for Nintendo Switch is a faithful recreation of the original Game Boy adventure, except for perhaps one noticeable difference — the brand new Chamber Dungeon mode. Allowing players to arrange their own dungeons out of existing rooms from dungeons in the game, the mode isn’t quite the Super Mario Maker-esque “Zelda Maker” fans have been clamoring for. But, there’s a good reason why, according to longtime series producer Eiji Aonuma.Speaking to IGN via email, Aonuma explained that, at one point in their regular discussions about upcoming Zelda games, Shigeru Miyamoto asked about the possibility of Mario Maker-like gameplay for a Zelda game.“I talk to Mr. Miyamoto regularly about ‘the next Zelda game,’ and one time, he asked me if I could come up with a game that features Super Mario Maker-like gameplay, but for Zelda,” Aonuma said. “We talked about how a game like this for Zelda would have dungeons, but it’s generally quite difficult to devise the logic needed to solve them.”
Because of that inherent difficulty, they thought about how to take the spirit of that gameplay and create something more approachable for audiences.
“So we gave some thought into a more approachable style of play where you have to think about how to arrange parts that already have a solution to create a single dungeon, instead of allowing players to create complex arrangements like in Super Mario Maker 2, and that’s how we created the Chamber Dungeons for this game,” he explained.
As for why this feature is making its debut with Link’s Awakening specifically, Aonuma explained that the game’s dungeons themselves made it an ideal candidate to pair with the Chamber Dungeon mode.
“Given that the Chamber Dungeons feature is based on using rooms that already have a solution, we went looking for examples from existing titles, and found that the dungeons in The Legend of Zelda: Link’s Awakening would be the most suitable, because each room is usually the size of a single screen, and seen from a top-down view this makes their layout easy to understand,” he said, noting that “a critical part of the Chamber Dungeon gameplay is understanding the original dungeons before arranging your own.”Aonuma’s comments echo some he previously made to IGN about how the Chamber Dungeons factored so largely into Nintendo’s decision to specifically remake Link’s Awakening.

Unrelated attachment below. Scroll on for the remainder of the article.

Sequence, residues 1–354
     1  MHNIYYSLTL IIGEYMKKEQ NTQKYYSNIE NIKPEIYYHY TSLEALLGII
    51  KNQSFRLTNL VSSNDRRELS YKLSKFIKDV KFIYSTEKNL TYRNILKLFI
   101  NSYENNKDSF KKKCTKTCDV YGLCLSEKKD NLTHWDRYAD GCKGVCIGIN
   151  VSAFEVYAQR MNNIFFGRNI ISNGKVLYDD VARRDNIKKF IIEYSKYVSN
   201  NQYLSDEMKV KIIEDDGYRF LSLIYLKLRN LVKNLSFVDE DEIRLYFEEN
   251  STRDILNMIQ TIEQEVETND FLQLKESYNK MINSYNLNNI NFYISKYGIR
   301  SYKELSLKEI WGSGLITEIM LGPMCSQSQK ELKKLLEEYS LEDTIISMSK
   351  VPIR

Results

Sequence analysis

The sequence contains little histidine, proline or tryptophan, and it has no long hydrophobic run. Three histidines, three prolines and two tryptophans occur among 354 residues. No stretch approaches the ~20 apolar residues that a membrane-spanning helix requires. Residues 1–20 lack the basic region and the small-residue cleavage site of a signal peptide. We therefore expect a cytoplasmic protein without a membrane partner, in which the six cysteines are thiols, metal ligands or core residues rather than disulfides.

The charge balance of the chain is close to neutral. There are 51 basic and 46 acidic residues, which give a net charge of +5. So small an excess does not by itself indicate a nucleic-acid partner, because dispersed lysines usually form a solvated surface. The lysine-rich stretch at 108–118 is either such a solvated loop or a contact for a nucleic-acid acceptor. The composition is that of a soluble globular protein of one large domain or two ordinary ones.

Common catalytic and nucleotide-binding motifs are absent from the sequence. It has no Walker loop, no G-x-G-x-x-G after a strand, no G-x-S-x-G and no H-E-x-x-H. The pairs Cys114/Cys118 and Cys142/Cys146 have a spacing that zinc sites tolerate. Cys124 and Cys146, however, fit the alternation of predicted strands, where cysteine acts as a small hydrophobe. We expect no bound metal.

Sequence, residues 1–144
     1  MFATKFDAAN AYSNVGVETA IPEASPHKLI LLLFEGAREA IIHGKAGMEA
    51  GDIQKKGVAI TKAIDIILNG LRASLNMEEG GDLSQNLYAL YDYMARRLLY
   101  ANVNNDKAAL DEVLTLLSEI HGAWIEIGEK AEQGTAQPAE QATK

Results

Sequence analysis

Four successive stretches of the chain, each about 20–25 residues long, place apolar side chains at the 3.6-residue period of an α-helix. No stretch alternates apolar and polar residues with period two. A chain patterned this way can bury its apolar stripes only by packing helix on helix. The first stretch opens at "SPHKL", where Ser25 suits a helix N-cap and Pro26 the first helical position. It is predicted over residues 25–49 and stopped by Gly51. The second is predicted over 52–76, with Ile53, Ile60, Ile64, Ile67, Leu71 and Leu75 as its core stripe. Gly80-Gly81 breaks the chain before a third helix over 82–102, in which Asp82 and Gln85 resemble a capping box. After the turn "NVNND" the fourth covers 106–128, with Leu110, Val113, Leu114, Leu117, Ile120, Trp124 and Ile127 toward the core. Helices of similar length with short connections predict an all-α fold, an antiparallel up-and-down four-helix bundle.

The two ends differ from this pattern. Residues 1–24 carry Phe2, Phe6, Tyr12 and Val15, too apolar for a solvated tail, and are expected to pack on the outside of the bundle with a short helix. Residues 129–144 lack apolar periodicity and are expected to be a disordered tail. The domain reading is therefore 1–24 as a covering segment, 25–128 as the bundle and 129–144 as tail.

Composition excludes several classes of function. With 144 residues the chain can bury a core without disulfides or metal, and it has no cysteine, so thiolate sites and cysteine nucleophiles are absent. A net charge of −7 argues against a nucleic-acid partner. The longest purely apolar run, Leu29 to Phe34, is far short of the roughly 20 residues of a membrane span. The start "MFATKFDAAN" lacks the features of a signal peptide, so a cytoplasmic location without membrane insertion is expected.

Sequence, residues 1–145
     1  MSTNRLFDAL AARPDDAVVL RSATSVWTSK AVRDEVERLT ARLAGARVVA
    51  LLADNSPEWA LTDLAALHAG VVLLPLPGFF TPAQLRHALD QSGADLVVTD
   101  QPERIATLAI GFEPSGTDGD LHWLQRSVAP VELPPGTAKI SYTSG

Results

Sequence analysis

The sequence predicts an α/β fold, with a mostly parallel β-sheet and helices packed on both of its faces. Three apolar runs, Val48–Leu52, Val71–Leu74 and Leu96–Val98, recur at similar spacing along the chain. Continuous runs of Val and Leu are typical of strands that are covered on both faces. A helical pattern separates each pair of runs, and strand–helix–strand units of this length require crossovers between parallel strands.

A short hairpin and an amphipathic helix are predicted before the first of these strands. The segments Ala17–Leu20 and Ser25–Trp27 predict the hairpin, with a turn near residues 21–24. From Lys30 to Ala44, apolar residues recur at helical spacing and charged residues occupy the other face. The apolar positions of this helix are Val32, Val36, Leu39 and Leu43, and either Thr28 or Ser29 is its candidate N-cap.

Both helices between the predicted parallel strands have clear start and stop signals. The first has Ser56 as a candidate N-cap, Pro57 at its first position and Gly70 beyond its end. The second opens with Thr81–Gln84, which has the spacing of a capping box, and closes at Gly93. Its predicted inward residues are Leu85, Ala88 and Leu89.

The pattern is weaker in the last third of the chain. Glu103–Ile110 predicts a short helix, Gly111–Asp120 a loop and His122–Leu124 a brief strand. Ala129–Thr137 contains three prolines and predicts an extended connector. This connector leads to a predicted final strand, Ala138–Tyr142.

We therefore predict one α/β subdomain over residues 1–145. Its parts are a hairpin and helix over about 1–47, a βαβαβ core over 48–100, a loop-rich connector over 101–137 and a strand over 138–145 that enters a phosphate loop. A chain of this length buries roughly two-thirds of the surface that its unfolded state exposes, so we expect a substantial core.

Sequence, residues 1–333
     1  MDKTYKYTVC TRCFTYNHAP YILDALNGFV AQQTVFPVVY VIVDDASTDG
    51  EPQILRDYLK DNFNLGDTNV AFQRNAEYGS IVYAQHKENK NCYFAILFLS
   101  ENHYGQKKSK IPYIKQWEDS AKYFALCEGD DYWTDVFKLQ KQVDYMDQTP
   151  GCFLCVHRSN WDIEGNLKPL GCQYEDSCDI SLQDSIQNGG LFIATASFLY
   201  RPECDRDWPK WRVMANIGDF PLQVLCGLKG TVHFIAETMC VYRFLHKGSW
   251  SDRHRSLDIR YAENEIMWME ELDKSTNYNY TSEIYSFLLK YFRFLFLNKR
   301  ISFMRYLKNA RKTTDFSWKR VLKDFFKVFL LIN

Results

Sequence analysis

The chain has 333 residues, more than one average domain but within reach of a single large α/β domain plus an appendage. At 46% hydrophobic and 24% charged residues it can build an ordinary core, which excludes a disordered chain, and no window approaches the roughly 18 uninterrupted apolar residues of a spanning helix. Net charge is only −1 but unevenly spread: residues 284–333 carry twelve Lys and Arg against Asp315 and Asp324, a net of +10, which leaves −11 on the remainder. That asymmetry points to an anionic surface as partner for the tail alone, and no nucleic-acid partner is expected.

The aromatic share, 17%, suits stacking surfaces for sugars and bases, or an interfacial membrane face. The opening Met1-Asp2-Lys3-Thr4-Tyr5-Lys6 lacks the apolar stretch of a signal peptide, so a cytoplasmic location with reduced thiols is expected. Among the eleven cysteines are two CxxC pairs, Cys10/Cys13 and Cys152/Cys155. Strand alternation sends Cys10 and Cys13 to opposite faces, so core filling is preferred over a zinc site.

Otherwise, as our Link’s Awakening review notes, the updated version is a beautifully faithful recreation of the adventure, down to specific squares of grass on the map. Aonuma told IGN that in wanting to retain the original game’s charm, one thing the developers did seek to change was how players walked around the map.
“The original The Legend of Zelda: Link’s Awakening game has the ‘Zelda scroll’ feature, where the map scrolls in single-screen units, which is a traditional part of 2D-Zelda games. But including a standard transition between screens as the player moves around makes it difficult to grasp how the layout of the map is connected, which caused people to get lost,” he said. “So in the reimagining, we made it so that you can move around the world seamlessly. This removed the feeling of being blocked when playing the original, and helped make it more of a stress-free game to play.”
As for what the team wanted to specifically retain of the original game, while dungeon layout, items, and bosses are obvious elements to preserve, Aonuma spoke to a gameplay-specific element the Link’s Awakening team worked to keep.
“Link, the playable character in the original, moved according to digital input in eight directions: up, down, left, right and diagonals, and the entire game was designed around that style of movement. If we were to completely replace that with analog input to allow free movement in all directions, we’d also need to redesign the gameplay itself, and the way the game feels and responds would be entirely different,” he said. “So, taking into account that it’s now possible to move seamlessly around the map, what we did is keep the original movement in eight directions and made some adjustments to the game overall to make sure the feel and response don’t differ too much from the original.”
The Legend of Zelda: Link’s Awakening is now available for the Nintendo Switch, as well as the newly released Nintendo Switch Lite, which you can read our review-in-progress of as we spend time with the new system.
And for those playing the reimagining of Link’s adventure, be sure to check out our Legend of Zelda: Link’s Awakening walkthrough guide for tips and help, including Heart Piece locations, Secret Seashell locations, and a World Map of Koholint Island.